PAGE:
In My Backyard

Ronald Reagan, playing the character of Frame Johnson in the 1953 film “Law and Order” Photograph courtesy Everett Collection

Governor Reagan told reporters that afternoon that he saw “no reason why on the street today a citizen should be carrying loaded weapons.” He called guns a “ridiculous way to solve problems that have to be solved among people of good will.” In a later press conference, Reagan said he didn’t “know of any sportsman who leaves his home with a gun to go out into the field to hunt or for target shooting who carries that gun loaded.”

A growing group of rank-and-file NRA members disagreed. In an era of rising crime rates, fewer people were buying guns for hunting, and more were buying them for protection. The NRA leadership didn’t fully grasp the importance of this shift. In 1976, Maxwell Rich, the executive vice president, announced that the NRA would sell its building in Washington, D.C., and relocate the headquarters to Colorado Springs, retreating from political lobbying and expanding its outdoor and environmental activities. Rich’s plan sparked outrage among the new breed of staunch, hard-line gun-rights advocates.

—Adam Winkler, “The Secret History of Guns,” the Atlantic, September 2011.

people of good will.

Again, we debate.

Well, some debate; most, “besmear’d with blood,” kick our can-of-massacre down a heartbroken American road. See, here, Garry Wills for Milton’s Paradise Lost. Read, and think, over many other thoughtful pieces on all sides of this debate.

Exactly when will enough be enough?

The nostalgia of guns is flat-out dead. The debate about “control” of guns is believe-it-or-not quieter. See Nate Silver, here.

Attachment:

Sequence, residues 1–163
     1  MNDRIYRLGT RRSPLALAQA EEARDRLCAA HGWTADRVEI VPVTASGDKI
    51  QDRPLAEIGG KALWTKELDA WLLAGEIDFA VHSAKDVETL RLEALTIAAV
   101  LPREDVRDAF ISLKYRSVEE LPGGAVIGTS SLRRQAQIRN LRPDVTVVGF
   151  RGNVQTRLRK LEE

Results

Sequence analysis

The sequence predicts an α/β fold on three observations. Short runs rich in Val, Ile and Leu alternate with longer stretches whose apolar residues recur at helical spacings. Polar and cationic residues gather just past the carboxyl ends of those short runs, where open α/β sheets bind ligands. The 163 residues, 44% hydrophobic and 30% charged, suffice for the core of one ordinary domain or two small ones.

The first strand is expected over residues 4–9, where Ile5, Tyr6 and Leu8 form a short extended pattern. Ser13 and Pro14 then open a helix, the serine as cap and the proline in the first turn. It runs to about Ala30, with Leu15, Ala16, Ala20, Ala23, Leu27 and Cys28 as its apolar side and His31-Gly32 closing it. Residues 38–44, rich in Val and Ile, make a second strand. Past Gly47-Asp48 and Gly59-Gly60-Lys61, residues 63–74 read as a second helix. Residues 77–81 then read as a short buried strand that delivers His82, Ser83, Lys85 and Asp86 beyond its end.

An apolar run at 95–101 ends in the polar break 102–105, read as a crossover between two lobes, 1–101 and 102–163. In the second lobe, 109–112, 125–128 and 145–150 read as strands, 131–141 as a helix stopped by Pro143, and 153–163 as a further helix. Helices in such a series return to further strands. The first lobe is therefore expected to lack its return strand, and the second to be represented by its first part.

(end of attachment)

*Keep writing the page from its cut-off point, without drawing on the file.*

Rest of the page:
Frequent mass murder by guns (firearms is so Hoppe’s No. 9) is some tangible and toxic calculus of depression and mental illness, new technology and “gun rights” held tight by a concealed-weapon nation in collective and unconcealed fear.

But all of this, all of it, was …

out there.

Mass Massacre was to the West and South, far, far away. (Memo: One glaring exception to our East Coast miasma was our mayors. They were, and are, out front having attended countless police-officer funerals where the murder is less mass and more line-of-duty.)

The Daily Beast, after the Arizona Massacre (What are we supposed to do? Have armed security outside of each-and-every Starbucks?), did the math on our gun violence from Mississippi to Hawaii. The East Coast elites (read: Connecticut) could take comfort that mass idiocy occurred in Colorado (2.4 times more likely) or West Virginia (3.4 times more likely) or Arizona (3.5 times more likely).

That changed with the horror and nearness of Friday. The certain certitude of not in my backyard has become In My Backyard. Discuss.

Before it's here, it's on the Bloomberg Terminal.